MODx just released the beta of their new version, named Revolution, and it promises to be even more powerful and well-built than its predecessor. I’ve worked with a lot of CMS’s and frameworks, and nothing I’ve seen has caught my eye as much as this.

  2. Everton – No one has given up on MODx. TipsFor.us ran on WordPress long before Everett wrote this article series. He has an affinity for MODx and continues to use it on several sites that he has built.

    On TipsFor.us, we publish through WordPress, but we write about a variety of subjects, including other CMSs. I’ve written a few article about Blogger, for instance.

  3. Everett: Great video. I hadn’t seen it before. I put a link to it on Bob’s Guides.

    Just a quick note: Those things that are referred to as “Placeholders” in the video are now called “Resource Tags” (though various old names for them are still hanging around here and there).

    Every document has a number of Resource Fields (basically, the fields of that document’s record in the database — e.g. pagetitle, longtitle, alias, description, content, etc.). The Resource Tag contains the name of a field and the Tag is replaced by the content of that field (from the database) for the current document.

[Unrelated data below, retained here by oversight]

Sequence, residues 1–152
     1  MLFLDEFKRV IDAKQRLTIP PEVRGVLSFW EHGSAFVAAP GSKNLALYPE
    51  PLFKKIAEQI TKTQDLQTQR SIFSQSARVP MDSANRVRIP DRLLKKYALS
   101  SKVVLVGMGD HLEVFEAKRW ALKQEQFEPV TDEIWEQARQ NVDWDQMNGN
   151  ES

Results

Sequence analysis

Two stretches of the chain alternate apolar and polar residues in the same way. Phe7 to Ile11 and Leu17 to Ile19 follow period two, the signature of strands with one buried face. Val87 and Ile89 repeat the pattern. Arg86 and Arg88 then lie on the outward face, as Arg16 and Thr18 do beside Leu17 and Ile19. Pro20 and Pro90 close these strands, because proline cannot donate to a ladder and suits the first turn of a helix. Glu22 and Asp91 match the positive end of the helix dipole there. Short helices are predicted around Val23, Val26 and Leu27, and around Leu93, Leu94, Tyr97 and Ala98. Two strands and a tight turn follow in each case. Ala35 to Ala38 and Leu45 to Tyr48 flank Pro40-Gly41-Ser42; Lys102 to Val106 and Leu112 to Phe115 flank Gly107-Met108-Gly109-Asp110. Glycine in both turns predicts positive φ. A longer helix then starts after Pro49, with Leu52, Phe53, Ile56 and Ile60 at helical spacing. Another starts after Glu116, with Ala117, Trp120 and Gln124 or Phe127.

Resource Tags are also used for Template Variables, which are essentially custom Resource Fields created by the user in the MODx Manager.

  4. Thank you so much for creating this video. I’m a new MODx user– having toyed with Joomla, Drupal, and TYPO3….and finding them somewhat unwieldy. Your video has put the MODx templating, via the import-HTML route, into perspective for me.

    Ken

  5. Thank you for your video tutorial! I was planning to use modx on my next project and I need a new template for that, but had no idea where to start.

    It’s really amazing how simple is to use modx. I usually use joomla and wordpress for my websites, but I will give a try to modx.

    Thanks again for your easy to understand and helpful tutorial!